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Hitting low wedges with back spin is simple to learn in my opinion.

Place the ball level with your back foot, hands will automatically be forward of the ball.
When you take away take it away a tad steeper than normal this makes you come in slightly steeper than normal causing to squeeze the ball and creating some meaningful back spin.
Also dont swing flat out, 70-80% is your max with wedge shots!
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Place the ball level with your back foot, hands will automatically be forward of the ball. When you take away take it away a tad steeper than normal this makes you come in slightly steeper than normal causing to squeeze the ball and creating some meaningful back spin.

I know this could spark some disagreement but I wouldn't change your ball position simply because that means that you are going to be changing your swing plane as well as a few other parts of your swing. If you want to hit the ball lower with the same swing plane, you can simply narrow your stance. The tension that your body creates will shorten your swing and allow you to maintain your lag easier. With more lag, you deloft the club hitting the ball lower.

Again, just my opinion though.
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Personally, I think your swing is too big for an 85 yard wedge shot.

I was taught that I should keep the "times" symmetrical. like 3 to 9 or 4 to 8 or 5 to 7. I've found that 3-9 gives me almost as much distance as an all out swing... and since I cut off the follow through it keeps it much lower than the towering wedge shot I hit with a full follow through.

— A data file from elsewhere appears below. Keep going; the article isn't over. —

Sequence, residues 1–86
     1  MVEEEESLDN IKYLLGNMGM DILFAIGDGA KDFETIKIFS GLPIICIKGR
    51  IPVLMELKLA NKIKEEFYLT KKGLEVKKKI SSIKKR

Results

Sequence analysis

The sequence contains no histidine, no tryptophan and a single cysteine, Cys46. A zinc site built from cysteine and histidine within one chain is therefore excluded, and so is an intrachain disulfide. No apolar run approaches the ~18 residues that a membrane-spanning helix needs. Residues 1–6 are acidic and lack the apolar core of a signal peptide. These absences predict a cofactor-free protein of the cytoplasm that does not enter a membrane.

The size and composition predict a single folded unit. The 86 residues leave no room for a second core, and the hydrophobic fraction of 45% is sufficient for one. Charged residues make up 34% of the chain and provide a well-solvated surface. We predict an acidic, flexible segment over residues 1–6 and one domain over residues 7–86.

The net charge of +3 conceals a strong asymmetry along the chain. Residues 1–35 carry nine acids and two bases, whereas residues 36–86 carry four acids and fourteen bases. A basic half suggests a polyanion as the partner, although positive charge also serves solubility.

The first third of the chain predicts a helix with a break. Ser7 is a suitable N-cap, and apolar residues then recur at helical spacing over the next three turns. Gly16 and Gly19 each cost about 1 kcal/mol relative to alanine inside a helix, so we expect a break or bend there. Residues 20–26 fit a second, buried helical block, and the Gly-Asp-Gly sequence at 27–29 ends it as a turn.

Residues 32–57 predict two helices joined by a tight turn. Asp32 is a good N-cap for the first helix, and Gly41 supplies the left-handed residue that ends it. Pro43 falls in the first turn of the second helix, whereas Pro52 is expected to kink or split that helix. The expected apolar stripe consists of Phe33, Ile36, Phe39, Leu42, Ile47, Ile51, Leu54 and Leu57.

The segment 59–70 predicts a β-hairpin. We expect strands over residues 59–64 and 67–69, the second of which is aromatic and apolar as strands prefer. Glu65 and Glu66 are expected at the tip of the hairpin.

more than anything it helps with distance control.
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ok, most people won't tell you this, but what ties a golf swing together is tempo. With your tempo, there isn't as much acceleration at the bottom due to you starting the swing pretty quick. I'm not saying you don't accelerate, but you start pretty quick so you don't need to accelerate as much. If you drop your hands and wait to accelerate later, say when your hands are at your pockets, you will get a lower shot. Since it's not as high, it's not as much spin as that shot you have already, but it is plenty to stop it, especially a sw. You can also choke down on the club more which makes your shot a bit shorter because your shaft is shorter, but also, the shorter shaft will stiffen the flex a bit giving you less spin and a lower trajectory. Experiment with these reasonings and see what works for you best. It helps you get a lot more variation in your trajectory adding lots of shots to your bag.
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  • 3 years later...
Dude you have a nice swing! Excellent tempo, rhythm and balance. I've been struggling with the same wedge issues. One thing that I've found has been helping me with the wedges is to really load my weight onto my left leg (front leg) in the downswing. Almost like a single leg squat. It helps the club lag more and actually shortens my backswing. Anyways that's been working for me. Let us know what you find works for you.